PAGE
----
New evidence on impact of religious selection in schooling

By staff writers
September 26, 2014

The Fair Admissions Campaign (FAC) has revealed startling new insight about the extent to which selection by faith leads to greater socio-economic segregation in England’s state funded school system.

The research was set out earlier this week at a packed-out fringe meeting at the Labour Party autumn conference hosted by the Accord Coalition for Inclusive Education, the Campaign for State Education, Comprehensive Future and the Socialist Educational Association, titled ‘Is the Future Comprehensive? Schools for One Nation’.

The FAC’s research was presented to the 125 people present and the media by Simon Barrow, who is co-director of the Christian think tank Ekklesia and a steering group member and founder of the Accord Coalition for inclusive education. Both groups helped to set up the Fair Admissions Campaign last summer.

He was joined on the panel of speakers by Patsy Kane, headteacher of Whalley Range High School in Manchester; the author and commentator, Owen Jones, and journalist and education campaigner, Fiona Millar. The meeting was chaired by the writer and campaigner, Melissa Benn.

Simon Barrow argued that pupils being educated with those from different backgrounds helped build a more connected society and that religious selection led to greater socio-economic segregation. To highlight the extent of this problem he revealed new findings from the FAC showing that while grammar schools were on average almost twice as socio-economically selective as religiously selective schools, because religiously selective schools were more numerous they make a greater contribution overall in making the state-funded school system more socio-economically segregated at the secondary level.

The combined impact of socio-economic segregation by religious selection at the primary and secondary phases is twice that caused at grammar schools. Finally, overall, there are more state school places that are subject to religious selection in England than there are places allocated by academic ability, aptitude, or gender, or at private schools, combined.

The Ekklesia co-director objected to children’s life chances being damaged according to their faith or belief background. He said it went against his support for equality and dignity based on his Christian beliefs, and also went against the beliefs of many other people who held differing religious and non-religious life stances. He urged the Labour Party and other parties to commit to phasing out selection by faith to state funded schools; to have Ofsted again inspect schools on their contribution towards promoting community cohesion, and to add a broad and balanced Religious Education component to the National Curriculum.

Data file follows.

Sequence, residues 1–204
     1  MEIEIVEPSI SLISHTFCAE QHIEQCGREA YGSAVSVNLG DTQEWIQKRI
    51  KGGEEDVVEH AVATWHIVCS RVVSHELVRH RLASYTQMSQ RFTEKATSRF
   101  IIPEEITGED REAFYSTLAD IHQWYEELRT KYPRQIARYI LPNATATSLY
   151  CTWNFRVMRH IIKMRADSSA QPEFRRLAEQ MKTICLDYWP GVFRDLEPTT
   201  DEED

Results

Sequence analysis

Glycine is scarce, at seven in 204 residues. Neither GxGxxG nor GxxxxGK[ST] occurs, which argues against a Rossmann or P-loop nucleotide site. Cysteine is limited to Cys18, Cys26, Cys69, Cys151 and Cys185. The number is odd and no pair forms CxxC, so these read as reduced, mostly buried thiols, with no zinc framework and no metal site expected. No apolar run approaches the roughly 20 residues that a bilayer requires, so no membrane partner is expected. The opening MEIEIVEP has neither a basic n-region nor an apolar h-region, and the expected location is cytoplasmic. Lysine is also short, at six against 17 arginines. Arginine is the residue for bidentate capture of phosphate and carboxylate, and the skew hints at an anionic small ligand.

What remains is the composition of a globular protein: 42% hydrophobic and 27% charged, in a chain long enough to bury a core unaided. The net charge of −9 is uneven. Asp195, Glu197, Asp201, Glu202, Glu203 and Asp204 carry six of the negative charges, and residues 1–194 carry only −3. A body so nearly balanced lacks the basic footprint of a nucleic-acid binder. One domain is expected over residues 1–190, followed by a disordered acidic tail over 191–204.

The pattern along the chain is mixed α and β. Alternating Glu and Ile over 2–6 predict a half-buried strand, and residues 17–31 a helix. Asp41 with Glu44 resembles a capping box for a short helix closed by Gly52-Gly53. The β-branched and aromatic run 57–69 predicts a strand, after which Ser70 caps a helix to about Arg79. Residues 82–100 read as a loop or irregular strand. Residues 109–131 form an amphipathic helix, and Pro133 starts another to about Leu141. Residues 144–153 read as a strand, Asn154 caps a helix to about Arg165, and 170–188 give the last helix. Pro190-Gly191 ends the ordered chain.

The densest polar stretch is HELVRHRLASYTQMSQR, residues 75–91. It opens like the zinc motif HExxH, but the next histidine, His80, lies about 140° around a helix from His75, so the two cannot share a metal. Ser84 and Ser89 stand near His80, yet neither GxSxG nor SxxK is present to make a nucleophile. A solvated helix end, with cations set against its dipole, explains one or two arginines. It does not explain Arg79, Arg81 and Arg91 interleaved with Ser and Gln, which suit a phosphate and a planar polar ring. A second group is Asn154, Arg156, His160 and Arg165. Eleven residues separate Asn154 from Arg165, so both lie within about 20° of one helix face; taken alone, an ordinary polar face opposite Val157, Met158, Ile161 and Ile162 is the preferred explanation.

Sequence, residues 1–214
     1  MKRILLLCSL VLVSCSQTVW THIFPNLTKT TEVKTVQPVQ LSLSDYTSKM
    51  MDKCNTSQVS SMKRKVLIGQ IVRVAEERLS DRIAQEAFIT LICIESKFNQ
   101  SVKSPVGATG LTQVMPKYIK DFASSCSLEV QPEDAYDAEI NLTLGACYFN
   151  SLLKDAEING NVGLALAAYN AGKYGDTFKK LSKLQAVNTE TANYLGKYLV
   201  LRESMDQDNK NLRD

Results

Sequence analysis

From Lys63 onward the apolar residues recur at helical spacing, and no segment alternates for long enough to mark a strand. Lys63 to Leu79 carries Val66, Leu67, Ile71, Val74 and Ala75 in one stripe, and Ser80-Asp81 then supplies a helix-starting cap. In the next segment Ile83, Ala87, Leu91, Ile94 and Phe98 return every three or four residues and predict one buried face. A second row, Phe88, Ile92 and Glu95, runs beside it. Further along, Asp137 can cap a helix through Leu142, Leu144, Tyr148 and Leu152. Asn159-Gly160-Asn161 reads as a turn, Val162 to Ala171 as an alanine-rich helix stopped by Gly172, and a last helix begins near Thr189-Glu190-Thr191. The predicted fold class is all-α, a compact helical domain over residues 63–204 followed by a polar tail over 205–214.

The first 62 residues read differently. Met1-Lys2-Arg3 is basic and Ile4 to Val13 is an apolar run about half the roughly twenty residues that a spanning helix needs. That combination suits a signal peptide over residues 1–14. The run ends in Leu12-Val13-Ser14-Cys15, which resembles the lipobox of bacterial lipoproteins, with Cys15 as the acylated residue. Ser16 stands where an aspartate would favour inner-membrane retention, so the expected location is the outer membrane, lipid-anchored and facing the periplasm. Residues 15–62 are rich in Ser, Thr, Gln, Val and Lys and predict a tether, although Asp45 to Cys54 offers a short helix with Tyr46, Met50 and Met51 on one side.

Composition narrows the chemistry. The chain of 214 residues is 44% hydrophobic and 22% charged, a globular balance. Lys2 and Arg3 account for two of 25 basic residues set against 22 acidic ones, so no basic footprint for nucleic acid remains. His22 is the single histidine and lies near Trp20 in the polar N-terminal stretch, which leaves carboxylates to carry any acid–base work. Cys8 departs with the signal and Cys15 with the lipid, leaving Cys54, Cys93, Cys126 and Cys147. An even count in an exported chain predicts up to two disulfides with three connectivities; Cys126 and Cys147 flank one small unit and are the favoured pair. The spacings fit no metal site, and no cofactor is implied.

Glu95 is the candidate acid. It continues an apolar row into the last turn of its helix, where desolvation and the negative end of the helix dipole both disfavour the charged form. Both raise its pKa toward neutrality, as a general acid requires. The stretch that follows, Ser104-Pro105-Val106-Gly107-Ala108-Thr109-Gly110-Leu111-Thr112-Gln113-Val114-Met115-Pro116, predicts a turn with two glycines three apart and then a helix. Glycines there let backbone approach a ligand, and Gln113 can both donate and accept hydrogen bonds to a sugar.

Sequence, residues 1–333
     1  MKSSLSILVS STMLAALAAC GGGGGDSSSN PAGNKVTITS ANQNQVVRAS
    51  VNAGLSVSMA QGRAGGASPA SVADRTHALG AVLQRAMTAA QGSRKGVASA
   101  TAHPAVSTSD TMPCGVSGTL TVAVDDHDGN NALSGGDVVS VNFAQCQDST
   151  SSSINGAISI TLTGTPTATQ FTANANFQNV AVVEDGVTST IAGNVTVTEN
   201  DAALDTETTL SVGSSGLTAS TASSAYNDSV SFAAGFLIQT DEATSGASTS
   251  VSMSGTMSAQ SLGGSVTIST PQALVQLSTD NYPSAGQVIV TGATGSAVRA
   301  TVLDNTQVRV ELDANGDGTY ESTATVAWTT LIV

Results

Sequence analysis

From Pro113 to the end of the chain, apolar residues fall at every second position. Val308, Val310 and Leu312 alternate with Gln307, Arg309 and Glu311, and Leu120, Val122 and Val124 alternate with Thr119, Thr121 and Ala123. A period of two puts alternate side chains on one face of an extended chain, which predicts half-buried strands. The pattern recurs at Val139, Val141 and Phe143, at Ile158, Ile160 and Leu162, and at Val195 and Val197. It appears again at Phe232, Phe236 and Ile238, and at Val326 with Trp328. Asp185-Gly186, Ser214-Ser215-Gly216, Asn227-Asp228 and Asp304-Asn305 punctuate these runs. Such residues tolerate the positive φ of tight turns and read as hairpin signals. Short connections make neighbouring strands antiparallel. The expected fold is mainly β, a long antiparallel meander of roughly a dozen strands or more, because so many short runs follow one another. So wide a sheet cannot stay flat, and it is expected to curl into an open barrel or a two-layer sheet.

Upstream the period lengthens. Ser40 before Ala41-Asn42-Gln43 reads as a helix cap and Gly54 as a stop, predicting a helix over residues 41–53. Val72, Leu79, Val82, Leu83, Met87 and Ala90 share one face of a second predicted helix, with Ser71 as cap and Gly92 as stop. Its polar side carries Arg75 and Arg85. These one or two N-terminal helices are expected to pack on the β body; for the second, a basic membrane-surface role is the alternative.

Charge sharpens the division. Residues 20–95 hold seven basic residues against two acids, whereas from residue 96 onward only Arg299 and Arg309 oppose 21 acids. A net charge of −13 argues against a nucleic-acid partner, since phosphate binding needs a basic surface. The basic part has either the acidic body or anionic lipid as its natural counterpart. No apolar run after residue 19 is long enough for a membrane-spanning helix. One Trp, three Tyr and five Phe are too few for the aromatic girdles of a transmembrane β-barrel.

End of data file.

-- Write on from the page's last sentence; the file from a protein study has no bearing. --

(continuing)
Patsy Kane highlighted the tactics that some parents used to get their children into grammar schools and said academic selection of children at age 11 was not justifiable. She argued that it lowered expectations for those children that failed to gain admittance to grammar schools and could lead to siblings being split up. She said comprehensive schools were better at ensuring pupils were stretched and challenged during their schooling, and argued that society could not afford to limit the ambitions of pupils at a young age when children still had great potential to change.

Owen Jones said comprehensive education and schools moving away from selection should be an ideal found at the centre of the Labour Party. He cited a range of sources of inequality in society and labelled educational inequality as inexcusable. He urged that forms of segregation caused by schools should be tackled and described pupil selection by faith as having become a "scam".

Fiona Millar argued that if the Labour Party was to create a fairer society it needed to address current forms of selection in pupil admissions. She said grammar schools caused nearby schools to have skewed intakes and led many families to ensure their children began being coached for the eleven plus up to four years in advance. She said international rankings indicated that the best school systems were ones that gave schools autonomy, employed high quality teachers and had schools with socially balanced pupil intakes. She urged that parents should be assured that comprehensive schools were fairer, but also provided a higher quality of education.

The Fair Admissions Campaign wants all state-funded schools in England and Wales to be open equally to all children, without regard to religion or belief. The Campaign is supported by a wide coalition of individuals and national and local organisations.

Supporters of the campaign include the Accord Coalition, the British Humanist Association, Professor Ted Cantle and the iCoCo Foundation, the Association of Teachers and Lecturers, British Muslims for Secular Democracy, the Campaign for State Education, the Centre for Studies on Inclusive Education, the Christian think tank Ekklesia, the Hindu Academy, the Green Party, the Liberal Democrat Education Association, Liberal Youth, the Local Schools Network, Richmond Inclusive Schools Campaign, the Runnymede Trust, the Socialist Educational Association, and the General Assembly of Unitarian and Free Christian Churches.

* More on FAC:


Although the views expressed in this article do not necessarily represent the views of Ekklesia, the article may reflect Ekklesia's values. If you use Ekklesia's news briefings please consider making a donation to sponsor Ekklesia's work here.